The best classical CDs of 2015

Here are our top ten classical CDs of the year, voted for by Readings' staff. Displayed in no particular order.


Max Richter: The Blue Notebooks by Max Richter

The Blue Notebooks, a tenth anniversary rerelease of Max Richter’s second album, is breathtaking. Richter cites Sigur Rós as an influence, evident in the meditative ‘Horizon Variations’. This, along with tracks such as ‘Written on the Sky’, will similarly appeal to Arvo Pärt fans for its elegance and simplicity. The Blue Notebooks is all at once atmospheric, intimate, cinematic, nostalgic, and melancholic.


Brahms, Schumann & Mahler: Piano Quartets by Daniel Hope, David Finckel, Wu Han and Paul Neubauer

This recording of piano quartets from the classical and romantic eras features some of the top musicians in the world today. Violinist Daniel Hope’s contribution is particularly noteworthy: his control, and the fineness of his tone stands out amongst the rich quartet texture, but never intrudes or overpowers his fellow chamber musicians. The final movement of the Brahms G minor quartet, Rondo alla Zingarese, is a highlight for its exuberance.


The Chopin Project by Alice Sara Ott and Olafur Arnalds

In the liner notes of The Chopin Project, Olafur Arnalds asks, ‘Why not use the technology we have as not only a tool, but a part of the actual interpretation? Why can’t the microphones, the room – the sound – also be a performer?’ Together with pianist Alice Sara Ott, Arnalds has taken the music of Chopin, stripped back the harmonies, and used close microphones to enhance the sound. The result is superb.


Mozart: Opera Arias and Overtures by Scottish Chamber Orchestra and Elizabeth Watts

English soprano Elizabeth Watts possesses a voice of great vibrancy and warmth. Further, she is an intelligent singing actress, and infuses her performances with personality. This winning combination makes for a standout recording of Mozart soprano arias, accompanied here by the Scottish Chamber Orchestra under the direction of Christian Baldini. Watts is particularly beguiling as Zerlina, and her recording of ‘Vedrai, carino’ is a highlight of the disc.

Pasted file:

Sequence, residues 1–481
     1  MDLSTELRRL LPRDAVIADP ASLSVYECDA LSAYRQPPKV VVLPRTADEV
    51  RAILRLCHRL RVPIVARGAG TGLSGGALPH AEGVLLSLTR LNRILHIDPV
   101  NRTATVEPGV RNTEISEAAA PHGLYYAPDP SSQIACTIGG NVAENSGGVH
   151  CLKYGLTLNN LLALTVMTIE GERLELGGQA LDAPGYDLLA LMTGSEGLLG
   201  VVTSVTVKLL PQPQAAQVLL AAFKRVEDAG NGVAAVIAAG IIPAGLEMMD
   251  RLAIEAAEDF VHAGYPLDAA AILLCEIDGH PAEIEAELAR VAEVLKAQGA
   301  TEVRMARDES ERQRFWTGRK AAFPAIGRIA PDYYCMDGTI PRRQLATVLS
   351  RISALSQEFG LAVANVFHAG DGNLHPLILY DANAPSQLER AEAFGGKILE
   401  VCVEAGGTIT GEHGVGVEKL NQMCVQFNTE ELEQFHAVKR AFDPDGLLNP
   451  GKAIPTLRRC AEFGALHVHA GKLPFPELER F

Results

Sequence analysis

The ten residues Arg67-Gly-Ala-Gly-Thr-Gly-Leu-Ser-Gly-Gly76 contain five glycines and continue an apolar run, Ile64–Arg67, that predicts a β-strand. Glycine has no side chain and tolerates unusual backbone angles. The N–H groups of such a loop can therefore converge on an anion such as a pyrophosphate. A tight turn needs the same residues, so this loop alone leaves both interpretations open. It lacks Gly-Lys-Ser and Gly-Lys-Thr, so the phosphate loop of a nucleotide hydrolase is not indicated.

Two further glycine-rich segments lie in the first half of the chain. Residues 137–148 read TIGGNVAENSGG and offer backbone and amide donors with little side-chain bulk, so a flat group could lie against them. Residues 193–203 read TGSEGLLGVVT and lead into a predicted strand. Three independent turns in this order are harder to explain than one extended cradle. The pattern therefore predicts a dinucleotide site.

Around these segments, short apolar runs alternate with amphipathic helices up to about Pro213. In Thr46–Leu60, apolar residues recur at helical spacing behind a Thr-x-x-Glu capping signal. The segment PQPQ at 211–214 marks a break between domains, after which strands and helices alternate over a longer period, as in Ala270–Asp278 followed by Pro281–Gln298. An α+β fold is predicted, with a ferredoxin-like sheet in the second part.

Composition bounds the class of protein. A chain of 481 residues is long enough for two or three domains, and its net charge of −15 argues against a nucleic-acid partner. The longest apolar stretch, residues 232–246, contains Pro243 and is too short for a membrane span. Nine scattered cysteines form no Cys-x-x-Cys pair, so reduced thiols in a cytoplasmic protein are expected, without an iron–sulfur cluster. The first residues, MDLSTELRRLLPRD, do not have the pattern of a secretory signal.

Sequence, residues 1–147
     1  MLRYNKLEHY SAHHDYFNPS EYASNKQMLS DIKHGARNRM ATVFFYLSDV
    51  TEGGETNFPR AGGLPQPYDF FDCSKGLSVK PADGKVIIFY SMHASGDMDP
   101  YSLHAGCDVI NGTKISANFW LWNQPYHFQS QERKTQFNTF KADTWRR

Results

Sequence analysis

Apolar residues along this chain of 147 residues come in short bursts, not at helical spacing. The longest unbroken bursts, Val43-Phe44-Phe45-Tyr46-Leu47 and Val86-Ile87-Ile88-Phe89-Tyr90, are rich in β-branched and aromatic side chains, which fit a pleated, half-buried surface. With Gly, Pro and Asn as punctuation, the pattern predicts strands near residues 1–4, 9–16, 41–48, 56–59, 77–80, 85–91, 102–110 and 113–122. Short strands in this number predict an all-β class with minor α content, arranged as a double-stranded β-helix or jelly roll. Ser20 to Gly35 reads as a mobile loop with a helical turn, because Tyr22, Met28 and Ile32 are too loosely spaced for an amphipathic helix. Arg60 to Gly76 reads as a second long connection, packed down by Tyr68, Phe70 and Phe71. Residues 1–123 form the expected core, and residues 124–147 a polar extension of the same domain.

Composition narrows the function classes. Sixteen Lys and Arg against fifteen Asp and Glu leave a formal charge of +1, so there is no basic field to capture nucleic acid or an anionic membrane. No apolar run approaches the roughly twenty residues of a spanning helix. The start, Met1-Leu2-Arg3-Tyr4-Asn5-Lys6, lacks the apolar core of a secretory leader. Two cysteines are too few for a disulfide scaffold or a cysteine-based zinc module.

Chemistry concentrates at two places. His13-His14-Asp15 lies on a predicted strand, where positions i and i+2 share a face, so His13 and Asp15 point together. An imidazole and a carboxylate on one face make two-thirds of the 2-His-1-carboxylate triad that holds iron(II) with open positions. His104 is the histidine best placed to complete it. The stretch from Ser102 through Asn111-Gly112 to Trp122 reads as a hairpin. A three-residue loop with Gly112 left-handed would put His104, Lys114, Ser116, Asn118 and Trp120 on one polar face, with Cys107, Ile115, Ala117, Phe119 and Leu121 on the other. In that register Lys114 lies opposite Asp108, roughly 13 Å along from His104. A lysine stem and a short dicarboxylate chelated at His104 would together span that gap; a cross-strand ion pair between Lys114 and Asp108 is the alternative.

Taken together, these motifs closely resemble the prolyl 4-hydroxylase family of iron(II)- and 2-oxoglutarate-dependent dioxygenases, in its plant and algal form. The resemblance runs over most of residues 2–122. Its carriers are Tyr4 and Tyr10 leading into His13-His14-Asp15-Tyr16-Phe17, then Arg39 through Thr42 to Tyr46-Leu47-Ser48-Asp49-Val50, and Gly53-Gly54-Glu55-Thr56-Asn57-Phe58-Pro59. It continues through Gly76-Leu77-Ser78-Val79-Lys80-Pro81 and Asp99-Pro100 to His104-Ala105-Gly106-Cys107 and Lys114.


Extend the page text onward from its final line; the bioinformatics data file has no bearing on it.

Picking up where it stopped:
Ravel: Daphnis et Chloé & La Valse by Philippe Jordan

Ravel’s Ravel: Daphnis et Chloé & La Valse – a ballet in one act, although occasionally described as a ‘choreographic symphony’ – epitomises the French impressionistic music of the early twentieth century. The luscious orchestration and wordless choruses combine to create a sound that is erotic and mysterious, and at times even spiritual. This recording with the Orchestre de l’Opéra National de Paris under Phillipe Jordan is absolutely scrumptious.


Reich: Music For 18 Musicians by Ensemble Signal

Steve Reich is one of the great pioneers of the minimalist movement and this new recording of his 1976 composition Music For 18 Musicians, a piece considered one of the most influential of the twentieth century, is a reminder of his genius. Ensemble Signal performs with such tight discipline that it’s hard to believe each member is a person and not a computer, although the group never once sounds robotic. An essential recording.


Schubert: Fantaisie by David Fray

Young French pianist David Fray’s playing is assured and sensitive, and his rendering of the Fantasia in F minor for piano duet with his teacher Jacques Rouvier is entrancing. The opening Piano Sonata in G major, from which the CD takes its title, is a highlight. Skip forward to the final track, ‘Lebensstürme’ for piano duet, and Fray demonstrates his capacity for energetic, impassioned playing. Imaginative, poetic, Schubertian bliss.


Max Richter: From Sleep by Max Richter

From Sleep is an hour-long sample from Max Richter’s monumental eight-hour work Sleep, to which he refers as his ‘personal lullaby for a frenetic world’. Like The Blue Notebooks, it is a meditative, often melancholy CD, and each of the seven tracks seamlessly transitions in to the next. Soprano Grace Davidson lends her ethereal voice to Sleep, and her sweet top notes are perfectly suited to Richter’s wordless lullabies.


Koehne: Time is a River by Graeme Koehne and Tasmanian Symphony Orchestra

The music of Australian composer Graeme Koehne is sure to lift any mood. His Forty Reasons to be Cheerful, performed by the Tasmanian Symphony Orchestra under Richard Mills, is a case in point. This short fanfare takes its inspiration from Beethoven’s ‘Ode to Joy’. However, the celebratory tone does not end here, and even the more reflective ‘Elegy’ bears the hallmarks of Koehne’s optimistic style, with its sweeping strings.


Vivaldi: I Concerti Dell’addio by Fabio Biondi

I Concerti Dell’addio is a handsome selection of Vivaldi’s most elegant and mature works, performed here with great feeling by Biondi and Europa Galante. Biondi argues that Vivaldi’s attention to tempi and textural contrast ‘avoids a uniformity of language which has often been the cause of criticism’. Although bright and optimistic, this recording highlights the intelligence and delicacy behind Vivaldi’s lesser-known compositions from a dark period of his life.

Max Richter: From Sleep

Max Richter: From Sleep

Max Richter, Grace Davidson, American Contemporary Music Ensemble (ACME)

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